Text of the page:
Unless you’re a host.
Well, I disagreed with almost all of it, haha. I just like a good contrary post in a thread for that.
Agreed and it was humorously written. I suspect that part of the issue is that after listening for a long period of time we move along the continuum of experience and knowledge thus making it harder for every episode to have a “wow” impact.
Agree and disagree. Yes, we’re moving further along the continuum of experience and knowledge, and that does impact the utility of episodes that might otherwise be relevant.
But I would suggest that, for any of us whose job isn’t “macOS reviewer / tech news professional”, we’re moving along a continuum with the goal of eventually “arriving/staying”.
For example, I would wager that your job doesn’t include “become an expert on Apple calendar software options”. It does include “be able to manage meetings without looking like an idiot”. Once you arrive at a hardware/software stack that gets you to that goal, you stay there until there’s a good reason to move.
It’s the difference between somebody crawling around on the ground because they find plant life fascinating, and somebody crawling around on the ground because they’re late for dinner and they’re looking for their car keys.
And if “where you’ve arrived” is different from where any given podcast’s hosts have largely arrived, then much of their advice becomes less applicable in direct proportion to the size of the difference between their setup/preferences and yours.
But if your favorite calendar software goes kaput and you’re suddenly in the position of not being able to manage your calendar, reviewing previous calendar-related episodes of MPU may then provide value that it wouldn’t have originally.
There’s nothing inherently wrong with any of that - it’s just an acknowledgement of reality.
I take notes … on paper. Often scrap paper. Same for todo lists.
And when I’m done off to the recycling bin they go!
I have so many meetings and projects that that would be full of friction and inefficiency. I went paperless 12 to 15 years ago. Frankly, I enjoy not having to deal with paper. But, perhaps I’m an odd duck.
What are your most contrary MPU opinions?
Apple Notes is more powerful than it gets credit for. Few apps can handle Apple pencil input, images, typed text, handwriting recognition and various forms of media all inline. That said, it needs some improvement in being able to drag and organize notes.
I think Obsidian and Craft are overrated. I do like the text input and theme options for Obsidian; Block editing in Craft is a pain. But Devonthink is much better at finding information and doesn’t require constant care and feeding.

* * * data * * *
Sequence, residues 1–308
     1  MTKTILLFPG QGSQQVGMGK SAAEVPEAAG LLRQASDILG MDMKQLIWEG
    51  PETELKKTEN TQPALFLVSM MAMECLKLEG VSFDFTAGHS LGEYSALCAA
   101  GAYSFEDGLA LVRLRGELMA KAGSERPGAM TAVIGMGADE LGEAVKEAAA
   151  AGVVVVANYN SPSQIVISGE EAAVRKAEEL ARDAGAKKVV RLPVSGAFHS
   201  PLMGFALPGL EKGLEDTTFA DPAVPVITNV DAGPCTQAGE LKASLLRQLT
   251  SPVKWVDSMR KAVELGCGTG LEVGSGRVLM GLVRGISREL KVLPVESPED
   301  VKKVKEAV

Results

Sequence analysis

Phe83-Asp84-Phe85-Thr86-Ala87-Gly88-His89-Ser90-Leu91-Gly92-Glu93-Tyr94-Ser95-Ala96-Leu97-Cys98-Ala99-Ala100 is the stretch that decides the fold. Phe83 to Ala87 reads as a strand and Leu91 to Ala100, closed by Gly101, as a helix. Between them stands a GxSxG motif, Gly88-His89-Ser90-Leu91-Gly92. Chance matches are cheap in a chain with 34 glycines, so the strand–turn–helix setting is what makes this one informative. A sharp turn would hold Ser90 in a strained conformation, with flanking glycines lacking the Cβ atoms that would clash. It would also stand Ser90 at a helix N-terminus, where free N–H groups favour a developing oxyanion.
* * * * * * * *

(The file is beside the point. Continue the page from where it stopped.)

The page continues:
I never agreed that iPads were a good laptop replacement. I’m glad that’s over. There are too many speed bumps for active productive work. It’s good at simple input and media consumption.
Home Automation takes far more care and feeding than people want to admit. Taking time and investment into consideration, not all tasks are worth automating.
Tech productivity podcasts seem to be geared towards other podasters or people who run their own businesses. Many assume you can use services like Zapier - you can’t do that in a corporate environment because you cannot grant third party access to your systems.
Basic outlining in OmniOutliner is the better than any other outliner functionality contained within any app. But I can’t even touch Omni Automation - I’m not a coder so the barrier to entry is to high.
While I like to get the most out of my tech, I’m not focused on productivity. I retired so I could do the things I want on my schedule. I don’t type enough repetitive stuff to make use of things like text expander or keyboard maestro. I don’t need OmniFocus to schedule my tasks, my wife takes care of that for me. If I want to chill out and read a book, so be it. Most everything else can wait.
Mine would be that most of what’s discussed on here is nothing more than displacement activity.
I used and enjoyed Remember The Milk for quite a while many years ago and still think it’s searching/smart lists and flexibility exceed any of today’s hundreds of todo apps.
Mine would be that an iPad can serve for more than just content consumption and can be a perfectly functional laptop replacement (depending on what you need from a laptop).
*Ducks and runs for cover…
Had to check the meaning of the phrase but you sure have a point. Your comment reached me while I was hanging out here instead of gaining ground on important projects, haha.
Your wish is granted, “depending on what you need from a laptop”